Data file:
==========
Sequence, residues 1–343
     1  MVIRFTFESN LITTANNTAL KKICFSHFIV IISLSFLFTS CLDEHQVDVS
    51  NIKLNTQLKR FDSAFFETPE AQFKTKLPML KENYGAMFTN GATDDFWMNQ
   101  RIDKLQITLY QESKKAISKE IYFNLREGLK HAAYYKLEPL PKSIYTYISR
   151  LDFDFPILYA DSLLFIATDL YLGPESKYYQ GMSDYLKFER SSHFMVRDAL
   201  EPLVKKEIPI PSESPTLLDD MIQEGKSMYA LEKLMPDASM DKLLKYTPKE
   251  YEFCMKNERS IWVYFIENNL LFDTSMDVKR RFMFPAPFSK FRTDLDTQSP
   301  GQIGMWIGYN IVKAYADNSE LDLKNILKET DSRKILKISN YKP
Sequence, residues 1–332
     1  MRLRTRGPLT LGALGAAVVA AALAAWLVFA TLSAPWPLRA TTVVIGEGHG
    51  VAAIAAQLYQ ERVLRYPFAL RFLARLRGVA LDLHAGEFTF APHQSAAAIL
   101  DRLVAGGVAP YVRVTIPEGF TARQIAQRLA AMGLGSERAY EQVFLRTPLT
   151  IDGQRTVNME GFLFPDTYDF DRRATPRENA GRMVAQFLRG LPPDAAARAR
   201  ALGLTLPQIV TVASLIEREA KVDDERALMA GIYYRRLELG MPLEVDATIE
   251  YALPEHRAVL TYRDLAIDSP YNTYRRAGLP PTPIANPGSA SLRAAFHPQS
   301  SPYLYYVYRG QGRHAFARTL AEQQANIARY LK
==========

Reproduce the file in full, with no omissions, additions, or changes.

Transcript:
Sequence, residues 1–343
     1  MVIRFTFESN LITTANNTAL KKICFSHFIV IISLSFLFTS CLDEHQVDVS
    51  NIKLNTQLKR FDSAFFETPE AQFKTKLPML KENYGAMFTN GATDDFWMNQ
   101  RIDKLQITLY QESKKAISKE IYFNLREGLK HAAYYKLEPL PKSIYTYISR
   151  LDFDFPILYA DSLLFIATDL YLGPESKYYQ GMSDYLKFER SSHFMVRDAL
   201  EPLVKKEIPI PSESPTLLDD MIQEGKSMYA LEKLMPDASM DKLLKYTPKE
   251  YEFCMKNERS IWVYFIENNL LFDTSMDVKR RFMFPAPFSK FRTDLDTQSP
   301  GQIGMWIGYN IVKAYADNSE LDLKNILKET DSRKILKISN YKP
Sequence, residues 1–332
     1  MRLRTRGPLT LGALGAAVVA AALAAWLVFA TLSAPWPLRA TTVVIGEGHG
    51  VAAIAAQLYQ ERVLRYPFAL RFLARLRGVA LDLHAGEFTF APHQSAAAIL
   101  DRLVAGGVAP YVRVTIPEGF TARQIAQRLA AMGLGSERAY EQVFLRTPLT
   151  IDGQRTVNME GFLFPDTYDF DRRATPRENA GRMVAQFLRG LPPDAAARAR
   201  ALGLTLPQIV TVASLIEREA KVDDERALMA GIYYRRLELG MPLEVDATIE
   251  YALPEHRAVL TYRDLAIDSP YNTYRRAGLP PTPIANPGSA SLRAAFHPQS
   301  SPYLYYVYRG QGRHAFARTL AEQQANIARY LK